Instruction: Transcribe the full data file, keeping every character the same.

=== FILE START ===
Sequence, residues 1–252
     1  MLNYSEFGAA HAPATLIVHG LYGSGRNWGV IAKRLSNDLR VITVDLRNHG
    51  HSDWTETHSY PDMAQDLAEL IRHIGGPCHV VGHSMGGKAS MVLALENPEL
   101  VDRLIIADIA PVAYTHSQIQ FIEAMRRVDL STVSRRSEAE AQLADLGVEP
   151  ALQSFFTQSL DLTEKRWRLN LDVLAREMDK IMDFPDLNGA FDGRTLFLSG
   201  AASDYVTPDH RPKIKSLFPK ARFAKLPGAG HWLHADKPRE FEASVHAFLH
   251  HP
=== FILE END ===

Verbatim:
Sequence, residues 1–252
     1  MLNYSEFGAA HAPATLIVHG LYGSGRNWGV IAKRLSNDLR VITVDLRNHG
    51  HSDWTETHSY PDMAQDLAEL IRHIGGPCHV VGHSMGGKAS MVLALENPEL
   101  VDRLIIADIA PVAYTHSQIQ FIEAMRRVDL STVSRRSEAE AQLADLGVEP
   151  ALQSFFTQSL DLTEKRWRLN LDVLAREMDK IMDFPDLNGA FDGRTLFLSG
   201  AASDYVTPDH RPKIKSLFPK ARFAKLPGAG HWLHADKPRE FEASVHAFLH
   251  HP